Posts on Usability and User Experience
- From Usability Engineering to Experience Design – June 24, 2006
- User Research: Don’t neglect the goldmine in your own backyward – May 7, 2006
- CHI 2006 Themes: Is technology good or bad for social interaction? – April 30, 2006
- Scott Cook, founder of Intuit, talks about innovation at CHI 2006 – April 27, 2006
- The Best of Web 2.0: Remember the Milk – April 12, 2006
- The social life of humans and machines: How to design for the social interaction – April 8, 2006
- When shopping online becomes a personal experience – March 31, 2006
- Love your test participants more than yourself – October 7, 2005
- Perceived cost-benefit and (online) behavior – September 25, 2005
- Even Jared Spool is blogging – August 20, 2005
- Please let me buy sheet music! – June 25, 2005
- Show me your feeds and I’ll tell you who you are – May 20, 2005
What is usability engineering?
Usability is set of tools and methodologies aimed at improving the usability of a system. A usable system:
- is easy to learn
- is efficient to use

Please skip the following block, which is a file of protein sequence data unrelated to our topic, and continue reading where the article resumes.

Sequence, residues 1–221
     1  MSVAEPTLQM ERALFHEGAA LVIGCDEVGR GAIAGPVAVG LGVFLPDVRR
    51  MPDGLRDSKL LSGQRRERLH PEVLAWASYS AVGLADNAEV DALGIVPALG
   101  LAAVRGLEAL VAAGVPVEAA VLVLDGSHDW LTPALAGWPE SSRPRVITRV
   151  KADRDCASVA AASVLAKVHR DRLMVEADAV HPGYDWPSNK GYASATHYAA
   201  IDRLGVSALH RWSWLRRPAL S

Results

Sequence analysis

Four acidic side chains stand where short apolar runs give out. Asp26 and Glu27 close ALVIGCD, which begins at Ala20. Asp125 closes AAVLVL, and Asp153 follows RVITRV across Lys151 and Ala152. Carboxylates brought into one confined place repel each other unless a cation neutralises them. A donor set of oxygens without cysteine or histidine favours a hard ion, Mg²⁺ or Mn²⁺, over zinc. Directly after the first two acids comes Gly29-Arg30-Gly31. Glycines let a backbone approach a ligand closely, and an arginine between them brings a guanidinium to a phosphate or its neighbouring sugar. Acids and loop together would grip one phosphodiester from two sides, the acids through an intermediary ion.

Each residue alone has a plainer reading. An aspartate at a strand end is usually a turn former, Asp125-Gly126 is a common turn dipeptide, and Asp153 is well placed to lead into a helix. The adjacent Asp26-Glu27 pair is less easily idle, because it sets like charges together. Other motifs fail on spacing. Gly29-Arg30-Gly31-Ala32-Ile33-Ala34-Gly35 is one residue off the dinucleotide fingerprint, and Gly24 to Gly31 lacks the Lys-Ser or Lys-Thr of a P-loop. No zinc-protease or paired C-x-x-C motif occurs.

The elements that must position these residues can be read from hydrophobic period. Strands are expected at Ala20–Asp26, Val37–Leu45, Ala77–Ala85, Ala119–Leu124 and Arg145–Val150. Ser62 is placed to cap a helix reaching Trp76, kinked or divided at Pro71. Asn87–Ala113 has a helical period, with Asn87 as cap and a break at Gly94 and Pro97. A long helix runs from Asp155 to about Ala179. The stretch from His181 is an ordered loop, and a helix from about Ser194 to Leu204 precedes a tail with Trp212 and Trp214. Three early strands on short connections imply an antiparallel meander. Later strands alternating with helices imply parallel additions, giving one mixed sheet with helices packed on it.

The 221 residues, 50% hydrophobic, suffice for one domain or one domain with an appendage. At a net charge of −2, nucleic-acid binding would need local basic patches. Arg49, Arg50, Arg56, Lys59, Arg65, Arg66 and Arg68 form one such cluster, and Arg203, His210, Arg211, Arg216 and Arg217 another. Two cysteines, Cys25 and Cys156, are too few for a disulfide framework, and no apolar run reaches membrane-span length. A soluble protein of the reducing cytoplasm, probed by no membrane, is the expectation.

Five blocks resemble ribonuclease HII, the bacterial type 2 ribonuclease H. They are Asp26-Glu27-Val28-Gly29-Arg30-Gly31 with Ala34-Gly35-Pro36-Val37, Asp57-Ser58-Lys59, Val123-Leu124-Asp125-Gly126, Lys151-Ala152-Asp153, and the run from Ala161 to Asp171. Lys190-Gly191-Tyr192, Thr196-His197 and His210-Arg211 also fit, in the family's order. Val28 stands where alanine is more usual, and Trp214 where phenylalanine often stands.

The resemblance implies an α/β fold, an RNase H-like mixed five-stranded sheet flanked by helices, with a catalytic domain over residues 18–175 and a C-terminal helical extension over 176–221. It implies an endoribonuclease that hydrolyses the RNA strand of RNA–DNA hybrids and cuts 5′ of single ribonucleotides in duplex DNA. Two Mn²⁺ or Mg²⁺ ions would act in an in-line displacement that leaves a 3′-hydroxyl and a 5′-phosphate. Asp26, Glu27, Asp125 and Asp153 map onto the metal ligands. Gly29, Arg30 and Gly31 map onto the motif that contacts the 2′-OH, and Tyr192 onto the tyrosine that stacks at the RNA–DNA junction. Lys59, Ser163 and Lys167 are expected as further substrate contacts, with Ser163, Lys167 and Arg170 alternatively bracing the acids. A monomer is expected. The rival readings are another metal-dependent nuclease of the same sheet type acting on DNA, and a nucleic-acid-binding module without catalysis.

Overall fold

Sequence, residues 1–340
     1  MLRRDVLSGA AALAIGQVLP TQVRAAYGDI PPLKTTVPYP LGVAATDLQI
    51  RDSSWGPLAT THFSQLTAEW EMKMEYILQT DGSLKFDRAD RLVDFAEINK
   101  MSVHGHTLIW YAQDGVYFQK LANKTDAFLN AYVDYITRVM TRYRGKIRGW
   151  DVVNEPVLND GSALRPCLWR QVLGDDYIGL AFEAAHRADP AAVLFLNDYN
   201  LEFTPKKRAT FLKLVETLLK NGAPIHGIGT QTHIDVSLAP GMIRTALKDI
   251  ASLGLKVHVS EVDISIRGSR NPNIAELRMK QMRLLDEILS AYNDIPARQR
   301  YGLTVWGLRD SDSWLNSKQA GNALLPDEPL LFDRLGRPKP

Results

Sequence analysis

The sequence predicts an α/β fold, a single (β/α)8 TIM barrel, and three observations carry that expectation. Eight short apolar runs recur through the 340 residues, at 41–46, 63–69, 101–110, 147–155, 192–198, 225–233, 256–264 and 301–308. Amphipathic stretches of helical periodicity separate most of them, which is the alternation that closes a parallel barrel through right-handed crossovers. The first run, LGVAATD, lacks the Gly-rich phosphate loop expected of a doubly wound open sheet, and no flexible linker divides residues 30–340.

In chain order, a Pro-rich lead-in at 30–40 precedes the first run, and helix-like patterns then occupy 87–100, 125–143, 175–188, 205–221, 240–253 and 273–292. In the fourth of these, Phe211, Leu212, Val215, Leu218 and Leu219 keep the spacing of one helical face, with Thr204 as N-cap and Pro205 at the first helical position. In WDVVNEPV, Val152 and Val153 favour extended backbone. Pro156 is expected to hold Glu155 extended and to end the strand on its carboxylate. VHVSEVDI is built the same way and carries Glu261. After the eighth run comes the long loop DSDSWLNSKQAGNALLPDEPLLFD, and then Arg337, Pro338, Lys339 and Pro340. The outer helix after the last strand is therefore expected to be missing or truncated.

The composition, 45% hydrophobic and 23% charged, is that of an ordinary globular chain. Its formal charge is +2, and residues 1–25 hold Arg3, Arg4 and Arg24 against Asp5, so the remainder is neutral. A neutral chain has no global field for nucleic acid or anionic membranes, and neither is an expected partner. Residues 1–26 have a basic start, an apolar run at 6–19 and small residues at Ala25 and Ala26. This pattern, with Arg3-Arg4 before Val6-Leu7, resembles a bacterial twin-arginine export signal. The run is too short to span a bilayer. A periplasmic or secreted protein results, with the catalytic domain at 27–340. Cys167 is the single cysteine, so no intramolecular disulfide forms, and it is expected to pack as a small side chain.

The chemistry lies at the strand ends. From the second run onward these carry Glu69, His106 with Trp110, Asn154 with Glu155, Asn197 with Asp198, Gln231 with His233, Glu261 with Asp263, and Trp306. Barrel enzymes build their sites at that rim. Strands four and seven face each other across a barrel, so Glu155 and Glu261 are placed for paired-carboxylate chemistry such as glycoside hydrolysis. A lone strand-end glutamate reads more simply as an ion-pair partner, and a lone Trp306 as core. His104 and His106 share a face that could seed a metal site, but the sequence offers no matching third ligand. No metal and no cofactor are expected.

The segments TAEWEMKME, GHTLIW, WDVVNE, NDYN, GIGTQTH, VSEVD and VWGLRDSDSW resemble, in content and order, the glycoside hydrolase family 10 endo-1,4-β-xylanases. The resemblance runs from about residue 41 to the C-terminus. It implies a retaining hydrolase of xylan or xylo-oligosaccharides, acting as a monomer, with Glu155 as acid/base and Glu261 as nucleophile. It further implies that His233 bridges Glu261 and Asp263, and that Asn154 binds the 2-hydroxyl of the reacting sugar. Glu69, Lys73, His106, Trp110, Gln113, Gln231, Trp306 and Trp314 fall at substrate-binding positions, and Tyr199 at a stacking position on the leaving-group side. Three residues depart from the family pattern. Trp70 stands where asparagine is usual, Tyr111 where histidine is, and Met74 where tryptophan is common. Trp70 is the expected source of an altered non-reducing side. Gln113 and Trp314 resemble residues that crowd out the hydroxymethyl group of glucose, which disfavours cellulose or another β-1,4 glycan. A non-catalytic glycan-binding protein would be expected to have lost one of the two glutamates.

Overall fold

- is easy to remember
- minimizes the number of errors users make and
- maximizes user satisfaction.
Usability is about how human beings perceive, think and act, and about how systems work, and how we can ensure that they (humans and systems) will work well together. One can apply usability methods to anything people use: from a kitchen sink to a television set, from a revolving door to a computer system or a web page.
A narrow view of usability emphasizes the evaluative aspect of this discipline, and focuses on methods that can assist in assessing the usability of a system (such as heuristic evaluations, cognitive walkthroughs, usability tests, etc.). According to this view, the job of a usability engineer is to measure the usability of a system and to make recommendations for improvement.
But how does one design a usable system in the first place? Usable systems are designed by applying a User-Centered Design (UCD) process. The starting point of any UCD process is talking to and observing real users in their environment. Information from this user research, together with the business goals and strategy, should drive requirements and inform design. There are different views on how the UCD process should work, each with their strengths and weaknesses, but most people agree: applying a user-centered design process when developing a system can save a lot of money and makes the users of that system much happier.
As part of the UCD process, the job of the usability engineer is to collect information about users (who they are, what they think and expect, and what they do), to help translate this information into design requirements, and to evaluate the resulting design by observing users using the system to complete typical tasks. Throughout the design process, the usability engineer acts as a user advocate within the design team, striving for a balanced integration of user goals and business goals.